Bunnaroth says that the council has narrowed down areas to focus on: reduction of forest fires, government policies and enforcement of industrial or city emissions, management of agricultural burning, pressure and communication with the central government with hopes they take action and communication with the public.
“You wrote last week that you think it is easier to totally ban all fire,” said Bunnaroth of my observation that perhaps a total ban would be a better solution than haphazard enforcement. “OK, let’s say all fire is banned. What about crematoriums, barbeques and grills found in every rural household, fire for warmth in winter, controlled forest fires to burn off excess leaves on the forest floor, and all the government burning? We think that a total ban is just not realistic and won’t be enforced evenly. So, how about we set a target of reducing this by 50%? How to achieve that? We have a plan.”
“Chiang Mai has 12 million rai of land, or thereabouts,” he continued. “Around 70%, or nine million rai, is forest land while three million is agricultural lowland and urban areas. Out of the nine million rai of forest land, four million rai are under the Department of National Park Wildlife and Plant Conservation which have staff, fire fighters and rangers with good fire prevention measures in place already. Now the five million rai which belongs to the Royal Forest Department, comprising reserved forests, these are not cared for. According to the 1997 constitution, the power of management of this five million rai of land was handed out to various local administrative bodies. Over the past five or six years which we have monitored this situation, we have seen the government pass responsibilities to local administrative groups, while the local groups ask, ‘Where is the money?’. There is simply no budget allocated to manage these forests as it has to be managed by each individual local body which has the tough task of shaving a budget from what is already a much-fought after annual budget much-needed for other areas from education to health, infrastructure to administration.”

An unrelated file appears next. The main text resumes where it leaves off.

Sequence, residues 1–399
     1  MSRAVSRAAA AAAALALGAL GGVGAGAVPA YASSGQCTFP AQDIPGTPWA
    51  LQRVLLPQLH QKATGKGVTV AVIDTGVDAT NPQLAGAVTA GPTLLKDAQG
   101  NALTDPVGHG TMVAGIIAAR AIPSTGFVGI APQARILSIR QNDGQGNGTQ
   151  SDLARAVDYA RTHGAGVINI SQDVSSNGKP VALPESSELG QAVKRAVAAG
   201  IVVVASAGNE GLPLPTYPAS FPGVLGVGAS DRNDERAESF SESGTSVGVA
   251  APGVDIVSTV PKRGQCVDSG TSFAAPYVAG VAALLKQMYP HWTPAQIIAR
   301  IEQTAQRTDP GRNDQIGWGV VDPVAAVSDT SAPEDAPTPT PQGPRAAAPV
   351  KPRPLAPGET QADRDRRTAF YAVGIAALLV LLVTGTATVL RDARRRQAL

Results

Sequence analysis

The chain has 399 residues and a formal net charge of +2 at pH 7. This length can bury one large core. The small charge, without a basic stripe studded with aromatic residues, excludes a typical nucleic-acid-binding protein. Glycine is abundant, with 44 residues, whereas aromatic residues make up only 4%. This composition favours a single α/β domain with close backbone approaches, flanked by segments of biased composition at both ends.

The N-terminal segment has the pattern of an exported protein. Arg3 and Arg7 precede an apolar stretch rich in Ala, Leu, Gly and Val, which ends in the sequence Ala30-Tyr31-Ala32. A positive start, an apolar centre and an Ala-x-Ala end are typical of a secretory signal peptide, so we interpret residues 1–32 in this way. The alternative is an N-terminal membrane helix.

“The current structure of governance is rigid,” continued Bunnaroth. “It is hard to move or bend, so we can’t force our agendas through, it simply won’t work. The past five to six months we have been working very closely with many sub-districts as well as with various government offices, often zigging and zagging to find ways to allocate budgets for self-governance. Chiang Mai is now leading the way, we have created a model which we hope other provinces and eventually countries, can follow.”